China 1990 1 oz Gold Panda
100 Yuan Brilliant Uncirculated Coin
About the China 1990 1 oz Gold Panda 100 Yuan Brilliant Uncirculated Coin
The coin pictured above is one of twenty-six 1990 panda coins. Of the twenty-six coins issued in this year, sixteen are gold, five are silver, one is bi-metallic, and four are platinum. The reverse of the coins in this series show different images of pandas. The obverse of the coins all bear the inscription: “The People's Republic of China”. Below this inscription on all coins in the group is an image of the Temple of Heaven with its iconic set of stairs leading up to the Hall of Prayer for Good Harvests, below which is the year of issue, 1990.
The Temple of Heaven was constructed towards the beginning of the Ming Dynasty (1368-1644) in 1420 AD. The part of the temple complex in the image is the Hall of Prayer for Good Harvests where the Ming Dynasty and Qing Dynasty (1644-1912) emperors would go to pray to Heaven for a good harvest. A good harvest kept the people happy as they were not only fed, but they also believed this showed Heaven continued to approve of the Emperor's rule.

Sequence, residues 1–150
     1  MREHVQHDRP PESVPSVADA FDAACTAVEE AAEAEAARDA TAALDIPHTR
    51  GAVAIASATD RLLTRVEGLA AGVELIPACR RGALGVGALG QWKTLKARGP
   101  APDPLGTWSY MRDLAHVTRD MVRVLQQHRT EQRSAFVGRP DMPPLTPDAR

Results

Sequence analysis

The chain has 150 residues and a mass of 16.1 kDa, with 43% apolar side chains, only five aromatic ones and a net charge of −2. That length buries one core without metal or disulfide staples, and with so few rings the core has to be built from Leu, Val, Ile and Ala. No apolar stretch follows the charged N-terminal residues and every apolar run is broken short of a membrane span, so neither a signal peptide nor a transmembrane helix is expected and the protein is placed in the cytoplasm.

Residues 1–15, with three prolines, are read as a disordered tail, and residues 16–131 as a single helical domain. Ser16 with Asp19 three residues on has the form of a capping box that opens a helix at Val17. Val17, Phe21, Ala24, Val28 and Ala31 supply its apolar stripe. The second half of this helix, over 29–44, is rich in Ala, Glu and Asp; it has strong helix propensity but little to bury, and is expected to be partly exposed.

This is the 100 yuan, 1 oz gold coin of the series issued in 1990. It is a brilliant uncirculated (BU) coin of 99.9% purity and has a mintage of 53,898. There were two versions of this coin minted in 1990. One version features a large date on the obverse beneath the image of the Temple of Heaven and was minted in Shanghai. The other features a small date on the obverse beneath the image and was minted in Shenyang.
The reverse of the coin shows an image of a solitary panda standing on a rocky outcrop to the right of a bamboo plant. The panda looks back over its right shoulder. The denomination is inscribed below and to the right of the image. Around the top edge of the reverse face is an inscription pertaining to the specifications of the coin. It reads: “Contains 1 oz pure gold purity .999 1 oz Au”.
These coins were originally issued by the mint in sheets of ten coins in a five-by-two arrangement. The sheets were then split into ten single coins to facilitate further distribution and sale, and as a result very few of these original sheets remain.